Thursday, October 23, 2014

Let's be clear about this: Russia is invading Ukraine right now

Russian President Vladimir Putin Sasha Mordovets/Getty

There are two things happening between Ukraine and Russia right now. First, Russian and Ukrainian leaders are meeting in Belarus to negotiate a peace deal in the Ukrainian conflict that Russia insists it has nothing to do with. Second, Russian military forces are crossing the border into Ukraine in what is clearly a hostile invasion and act of war. That includes Russian artillery, Russian tanks, Russian-trained irregular forces, and even uniformed Russian soldiers who have admitted on camera that they are Russian military ordered to invade by their commanders.

But the first piece of that is obfuscating the second. Getting Russia to agree to a peace deal on Ukraine requires lots of careful diplomacy, and that means that no one wants to formally acknowledge Russia's invasion of Ukraine, even though Russia is definitely invading Ukraine right now. That's how you have even the more hawkish figures in the Obama administration making statements like this:

When is a Russian invasion of a neighboring country an incursion and an escalation, but not actually an invasion? When acknowledging that is in an invasion would complicate diplomacy to the point that ending the invasion could become much harder.

But there's more behind this confusion than just careful diplomacy. Russian President Vladimir Putin learned a crucial lesson from Syrian leader Bashar al-Assad last year, when the latter got away with using chemical weapons against his own people.

How to cross an American red line: slowly

A UN chemical weapons inspector looks for signs of sarin in Ghouta, Syria (Ammar al-Arbini/AFP/Getty)

A UN chemical weapons inspector looks for signs of sarin in Ghouta, Syria (Ammar al-Arbini/AFP/Getty)

That lesson is this: the Western world can set all the red lines it wants — don't use chemical weapons, don't invade sovereign countries — but if you cross that red line just a little bit at a time, inching across over weeks and months, rather than crossing it all at once, then Western publics and politicians will get red-line fatigue and lose interest by the time you're across.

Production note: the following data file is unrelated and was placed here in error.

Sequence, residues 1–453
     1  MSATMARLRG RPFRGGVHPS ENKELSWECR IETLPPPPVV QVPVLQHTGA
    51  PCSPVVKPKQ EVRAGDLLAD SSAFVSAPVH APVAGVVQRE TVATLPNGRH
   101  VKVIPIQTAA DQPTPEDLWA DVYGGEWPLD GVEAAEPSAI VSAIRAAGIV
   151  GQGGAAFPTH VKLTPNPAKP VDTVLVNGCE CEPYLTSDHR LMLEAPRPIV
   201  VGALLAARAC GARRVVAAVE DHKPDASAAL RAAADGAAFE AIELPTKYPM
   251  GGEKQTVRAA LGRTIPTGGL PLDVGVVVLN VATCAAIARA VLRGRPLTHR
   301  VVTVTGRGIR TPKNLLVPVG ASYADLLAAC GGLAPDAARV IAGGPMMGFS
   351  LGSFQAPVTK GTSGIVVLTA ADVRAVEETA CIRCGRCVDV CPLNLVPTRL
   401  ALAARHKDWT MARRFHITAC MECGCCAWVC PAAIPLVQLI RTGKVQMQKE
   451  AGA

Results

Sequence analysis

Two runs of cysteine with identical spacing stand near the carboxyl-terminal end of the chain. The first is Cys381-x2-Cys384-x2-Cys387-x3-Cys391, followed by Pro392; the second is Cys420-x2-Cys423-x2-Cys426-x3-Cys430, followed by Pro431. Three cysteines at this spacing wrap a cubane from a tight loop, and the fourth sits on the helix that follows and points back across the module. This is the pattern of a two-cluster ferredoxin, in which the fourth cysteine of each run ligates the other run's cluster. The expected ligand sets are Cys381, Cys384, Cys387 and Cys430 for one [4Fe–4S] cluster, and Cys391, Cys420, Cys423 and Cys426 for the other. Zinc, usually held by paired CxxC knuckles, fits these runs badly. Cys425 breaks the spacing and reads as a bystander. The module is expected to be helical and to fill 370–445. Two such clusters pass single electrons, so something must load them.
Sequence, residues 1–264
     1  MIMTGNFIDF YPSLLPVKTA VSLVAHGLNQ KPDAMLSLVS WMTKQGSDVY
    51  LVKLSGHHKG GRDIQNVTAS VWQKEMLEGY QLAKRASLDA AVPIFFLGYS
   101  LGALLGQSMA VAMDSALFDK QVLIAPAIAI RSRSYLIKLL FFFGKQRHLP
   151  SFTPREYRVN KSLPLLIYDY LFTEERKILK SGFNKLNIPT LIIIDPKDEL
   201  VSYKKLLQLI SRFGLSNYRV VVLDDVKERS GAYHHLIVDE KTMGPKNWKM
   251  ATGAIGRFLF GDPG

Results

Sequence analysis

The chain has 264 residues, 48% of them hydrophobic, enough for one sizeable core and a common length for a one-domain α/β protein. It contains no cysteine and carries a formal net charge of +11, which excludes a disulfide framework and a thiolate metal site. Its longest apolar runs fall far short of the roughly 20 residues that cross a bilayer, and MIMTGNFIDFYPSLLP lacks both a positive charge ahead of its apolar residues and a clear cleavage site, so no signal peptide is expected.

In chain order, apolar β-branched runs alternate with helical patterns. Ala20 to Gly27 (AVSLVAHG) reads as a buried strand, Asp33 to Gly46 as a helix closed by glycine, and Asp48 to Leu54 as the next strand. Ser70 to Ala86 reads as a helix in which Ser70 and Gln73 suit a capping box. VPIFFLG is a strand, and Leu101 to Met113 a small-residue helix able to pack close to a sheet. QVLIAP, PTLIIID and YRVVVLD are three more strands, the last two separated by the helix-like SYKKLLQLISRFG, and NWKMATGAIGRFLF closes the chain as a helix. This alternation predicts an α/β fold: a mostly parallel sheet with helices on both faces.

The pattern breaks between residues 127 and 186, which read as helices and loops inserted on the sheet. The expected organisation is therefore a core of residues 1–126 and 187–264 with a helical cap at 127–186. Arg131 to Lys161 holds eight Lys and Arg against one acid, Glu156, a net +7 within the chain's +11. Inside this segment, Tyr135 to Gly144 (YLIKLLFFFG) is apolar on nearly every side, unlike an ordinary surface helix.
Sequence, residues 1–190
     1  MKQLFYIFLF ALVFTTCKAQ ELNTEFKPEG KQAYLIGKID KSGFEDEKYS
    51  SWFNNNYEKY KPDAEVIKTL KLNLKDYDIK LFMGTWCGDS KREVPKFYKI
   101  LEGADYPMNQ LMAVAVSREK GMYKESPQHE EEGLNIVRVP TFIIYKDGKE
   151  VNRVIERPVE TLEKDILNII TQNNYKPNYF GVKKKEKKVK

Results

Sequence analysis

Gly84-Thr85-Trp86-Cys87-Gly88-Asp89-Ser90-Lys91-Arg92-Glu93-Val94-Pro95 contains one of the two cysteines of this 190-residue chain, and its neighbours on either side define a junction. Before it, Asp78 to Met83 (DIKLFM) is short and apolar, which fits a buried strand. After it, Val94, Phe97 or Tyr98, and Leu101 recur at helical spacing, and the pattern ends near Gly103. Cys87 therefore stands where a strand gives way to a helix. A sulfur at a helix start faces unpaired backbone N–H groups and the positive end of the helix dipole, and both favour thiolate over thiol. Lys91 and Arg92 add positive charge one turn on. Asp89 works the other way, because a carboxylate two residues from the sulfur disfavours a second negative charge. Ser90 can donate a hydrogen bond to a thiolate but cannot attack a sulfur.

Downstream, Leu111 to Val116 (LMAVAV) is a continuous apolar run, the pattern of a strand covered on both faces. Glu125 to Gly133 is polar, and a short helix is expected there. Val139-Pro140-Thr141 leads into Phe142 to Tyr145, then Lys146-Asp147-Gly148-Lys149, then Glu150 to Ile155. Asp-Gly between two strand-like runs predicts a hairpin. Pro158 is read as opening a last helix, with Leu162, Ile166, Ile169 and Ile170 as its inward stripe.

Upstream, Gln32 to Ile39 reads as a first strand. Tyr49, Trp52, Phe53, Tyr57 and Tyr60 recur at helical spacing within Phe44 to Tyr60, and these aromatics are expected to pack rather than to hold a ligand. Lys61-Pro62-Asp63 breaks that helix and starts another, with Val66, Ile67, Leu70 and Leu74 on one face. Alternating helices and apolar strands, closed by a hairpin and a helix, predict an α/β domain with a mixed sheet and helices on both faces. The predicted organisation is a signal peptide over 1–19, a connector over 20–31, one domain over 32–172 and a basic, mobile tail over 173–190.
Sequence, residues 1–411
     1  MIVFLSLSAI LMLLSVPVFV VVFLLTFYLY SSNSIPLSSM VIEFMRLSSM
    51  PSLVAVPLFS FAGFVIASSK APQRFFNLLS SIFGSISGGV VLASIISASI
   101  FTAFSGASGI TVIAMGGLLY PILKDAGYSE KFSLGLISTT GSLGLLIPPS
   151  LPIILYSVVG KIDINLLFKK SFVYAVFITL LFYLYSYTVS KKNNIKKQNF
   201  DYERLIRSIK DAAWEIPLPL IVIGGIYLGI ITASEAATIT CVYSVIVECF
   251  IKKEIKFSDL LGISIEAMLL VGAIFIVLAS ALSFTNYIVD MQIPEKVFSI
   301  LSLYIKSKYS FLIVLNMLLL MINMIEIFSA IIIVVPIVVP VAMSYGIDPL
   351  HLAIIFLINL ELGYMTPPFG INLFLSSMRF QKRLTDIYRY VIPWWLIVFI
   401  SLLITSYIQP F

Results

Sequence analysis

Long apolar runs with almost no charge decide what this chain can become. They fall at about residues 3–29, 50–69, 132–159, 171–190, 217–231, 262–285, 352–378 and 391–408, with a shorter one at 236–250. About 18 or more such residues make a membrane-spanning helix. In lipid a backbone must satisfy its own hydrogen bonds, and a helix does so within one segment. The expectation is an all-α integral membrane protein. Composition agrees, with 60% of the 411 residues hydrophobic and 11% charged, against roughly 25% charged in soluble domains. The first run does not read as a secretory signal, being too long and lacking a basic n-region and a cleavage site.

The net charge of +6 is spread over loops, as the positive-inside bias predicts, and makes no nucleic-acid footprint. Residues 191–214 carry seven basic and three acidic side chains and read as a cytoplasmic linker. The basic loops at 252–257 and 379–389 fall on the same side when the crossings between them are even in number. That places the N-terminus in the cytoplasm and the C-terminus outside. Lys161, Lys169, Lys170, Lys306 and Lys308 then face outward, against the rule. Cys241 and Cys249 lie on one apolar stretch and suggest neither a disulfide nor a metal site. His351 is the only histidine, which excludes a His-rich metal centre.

Had Assad just openly dropped tons of sarin gas on his own people one day, the world probably would have responded much more forcefully than it did. Instead, cynically but smartly, Assad spent months using very small amounts of chemical weapons at a time. He created lots of uncertainty around individual incidents: had the chemical weapons killed anyone? Been used at all? Were they used accidentally, or even by rebels who'd stolen them? He kicked inspectors out, then kept them in; he cooperated, then didn't.

By the time Assad fired sarin-filled rockets at the neighborhood of Ghouta, murdering hundreds of civilians, including a number of children, the world had already acclimated to the idea that Assad was probably using chemical weapons. Western leaders could only muster so much outrage, and Western publics could only be so shocked, because everyone sorta, kinda knew that this was already happening and was going unpunished. There was no clear moment at which Assad had crossed the chemical weapons red line, so one day we woke up and realized he was miles on the wrong side of it, and it was too late to muster enough global outrage to push him back.

Putin's stealth invasion, right out in the open

A pro-Russia rebel in Snizhne, Ukraine (TK)

A pro-Russia separaist rebel in Snizhne, Ukraine (Rob Stothard)

That's what Putin did in eastern Ukraine this summer. First he began quietly supporting the separatist rebels there, then arming them. Then an awful lot of military-trained Russian nationals started slipping in, as Moscow had done before when invading and annexing Crimea in March.

In July, in the weeks before boneheaded rebels shot down a civilian airliner and killed 298 people, Russia began shipping them high-grade military technology, including surface-to-air missile systems. Shortly after the airliner shoot-down, Russian artillery in Russia began firing at Ukrainian military forces in Ukraine — an overt act of war. Then NATO said it caught Russia sending an "incursion" force across the border, which Ukraine claimed to destroy. Later, according to the rebel leader in Ukraine, 30 Russian tanks and up to 1,200 Russian-trained troops did manage to cross. By August 22nd, Russian artillery units were reportedly crossing the border into Ukraine, and a few days later, Ukraine captured "rebels" who admitted to being Russian soldiers sent under formal order.

Russia's meddling in eastern Ukraine became a stealth invasion, which has become an overt invasion. But it was all done just gradually enough, and with just enough uncertainty around each incremental escalation, that Russia has managed to invade a sovereign European country, in the year 2014, without sparking any larger war or the credible threat of any substantial response beyond sanctions.

That's not to argue that Western countries should have responded with more sanctions (even that took substantial cajoling from the US), but the point is that Putin shrewdly prevented it from happening by playing on the vulnerabilities of Western democracies: short attention spans, rapid war fatigue, and the often-unwise pull of popular opinion.

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